Good morning. A professor wanted to see if any of his 70 students read his class’s syllabus. To do so, he wrote the location and combination of a locker with $50 inside on the 2nd page. When the semester ended on Dec. 8, the cash remained.
Read the syllabus, kids.
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Japan. Three death row inmates were executed by hanging on Tuesday, marking the first executions the country has carried out since 2019 and the first under Prime Minister Fumio Kishida. One of those put to death murdered seven people including his aunt and neighbors in 2004.
Ethiopia. Tigrayan forces fighting the central government say they have withdrawn from neighbouring regions in northern Ethiopia, a step towards a possible ceasefire after 13 months of brutal war. But the government's spokeswoman said the announcement was a cover-up for military setbacks.
UAE. Dubai’s ruler was ordered to provide his estranged wife and their children at least £554m in the largest financial award the U.K. family courts have ever seen. The total amount the sheikh will have to pay to his family is likely to be much higher because of annual security costs he must pay directly to his children after they’ve completed education.
China. Sanctions have been announced on four members of the United States government’s Commission on International Religious Liberty in retaliation for penalties imposed on Chinese officials over complaints of abuses in the country’s northwestern Xinjiang region. The tit-for-tat sanctions added to spiralling tension over Xinjiang, where over a million minority Muslim Uighurs are believed to have been forced into reeducation camps.
1877 Thomas Edison's Phonograph is announced by Scientific American
1956 Colo is born, the first gorilla to be bred in captivity at Columbus Zoo and Aquarium, Columbus, Ohio
2010 Repeal of the "Don't Ask Don't Tell policy", a 17-year-old policy banning homosexuals serving openly in the US military, signed into law by President Barack Obama
Holes in Financial Records
The Story A new audit report has found holes in the financial records of federal ministries, departments and agencies to the tune of N323.5b in 2019.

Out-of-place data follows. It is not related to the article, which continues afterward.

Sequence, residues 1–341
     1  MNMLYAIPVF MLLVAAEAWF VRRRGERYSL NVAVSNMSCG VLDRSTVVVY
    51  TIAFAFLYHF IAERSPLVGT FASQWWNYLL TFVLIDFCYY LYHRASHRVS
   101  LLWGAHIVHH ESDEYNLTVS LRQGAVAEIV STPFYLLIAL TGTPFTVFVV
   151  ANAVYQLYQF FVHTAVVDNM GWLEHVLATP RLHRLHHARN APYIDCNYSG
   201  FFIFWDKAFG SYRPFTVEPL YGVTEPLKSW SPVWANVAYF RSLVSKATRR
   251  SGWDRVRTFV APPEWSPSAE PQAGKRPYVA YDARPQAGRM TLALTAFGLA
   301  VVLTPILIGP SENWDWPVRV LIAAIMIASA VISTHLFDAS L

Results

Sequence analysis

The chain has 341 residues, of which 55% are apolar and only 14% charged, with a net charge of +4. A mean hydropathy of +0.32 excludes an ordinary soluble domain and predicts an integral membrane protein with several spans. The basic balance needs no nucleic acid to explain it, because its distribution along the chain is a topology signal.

That's outrageous Absolutely. The report, which showed many offices violating rules on payments, remittances and tax, exposed questionable spendings that included unapproved allowances, unretired advances, irregular award of contract, payment for services not executed and payments without voucher.
Aren't there processes for these things? There are, but the violations, most of which were observed across 27 MDAs, revealed cross-cutting issues from non-compliance and internal control weaknesses. The largest chunk of the expenditure (N132.5b) was used in paying unapproved allowances to staff in 20 MDAs, N97b of which was spent by the Nigerian Security Printing and Minting Plc.
Were there budgetary allocations for these spendings? Among others, 9 MDAs spent N49.5b on "unbudgeted" items, with the Federal Ministry of Agriculture and Rural Development having the highest amount of N48b. According to the Office of the Auditor-General of the Federation, “the Federal Government requires all officers responsible for expenditure to exercise due economy. Money must not be spent merely because it has been voted.”SOURCE
Blows Exchange in Ghana
The Story Legislative houses are places where exchange of ideas and robust discussion of issues are expected. Some of these legislatures, however, see violence as a more potent weapon in discourse.
How do you mean? Lawmakers in the Ghana parliament on Monday resorted to violence, as some exchanged blows during voting on the electronic transaction levy bill. Fight reportedly broke out after the speaker, Joe Osei-Owusu, left his chair to cast his vote in favour of the bill — a decision that was said to have angered the minority in the house.
How did that lead to a fight? From reports, the lawmakers tried to prevent the speaker from casting his vote, arguing that based on the house’s standing order, he was supposed to be neutral. While the house was taking a vote to decide if the e-levy bill should be treated under certificate of urgency, the aggrieved lawmakers climbed the podium and tried to prevent the speaker from casting his vote.
What's in the said bill? The Ghanaian government, in November, had said it was introducing an electronic transaction levy (e-levy) in the 2022 budget, as part of measures to widen the country’s tax net. The proposed levy is a charge of 1.75% of the value of electronic transactions and is expected to come into effect in February 2022.